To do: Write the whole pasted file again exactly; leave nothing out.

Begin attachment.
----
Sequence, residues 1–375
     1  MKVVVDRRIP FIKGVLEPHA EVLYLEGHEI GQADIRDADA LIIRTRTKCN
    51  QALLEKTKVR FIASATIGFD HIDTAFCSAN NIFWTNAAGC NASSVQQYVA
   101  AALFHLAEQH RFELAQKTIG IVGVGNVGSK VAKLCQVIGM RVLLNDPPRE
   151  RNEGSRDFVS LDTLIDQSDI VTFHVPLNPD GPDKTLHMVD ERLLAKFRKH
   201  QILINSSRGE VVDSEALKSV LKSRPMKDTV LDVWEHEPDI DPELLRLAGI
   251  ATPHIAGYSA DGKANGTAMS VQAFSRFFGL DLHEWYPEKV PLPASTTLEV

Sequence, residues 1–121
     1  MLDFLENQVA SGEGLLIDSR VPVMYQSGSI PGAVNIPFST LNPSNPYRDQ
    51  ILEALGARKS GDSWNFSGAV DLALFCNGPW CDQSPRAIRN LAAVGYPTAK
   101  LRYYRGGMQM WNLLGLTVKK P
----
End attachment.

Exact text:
Sequence, residues 1–375
     1  MKVVVDRRIP FIKGVLEPHA EVLYLEGHEI GQADIRDADA LIIRTRTKCN
    51  QALLEKTKVR FIASATIGFD HIDTAFCSAN NIFWTNAAGC NASSVQQYVA
   101  AALFHLAEQH RFELAQKTIG IVGVGNVGSK VAKLCQVIGM RVLLNDPPRE
   151  RNEGSRDFVS LDTLIDQSDI VTFHVPLNPD GPDKTLHMVD ERLLAKFRKH
   201  QILINSSRGE VVDSEALKSV LKSRPMKDTV LDVWEHEPDI DPELLRLAGI
   251  ATPHIAGYSA DGKANGTAMS VQAFSRFFGL DLHEWYPEKV PLPASTTLEV

Sequence, residues 1–121
     1  MLDFLENQVA SGEGLLIDSR VPVMYQSGSI PGAVNIPFST LNPSNPYRDQ
    51  ILEALGARKS GDSWNFSGAV DLALFCNGPW CDQSPRAIRN LAAVGYPTAK
   101  LRYYRGGMQM WNLLGLTVKK P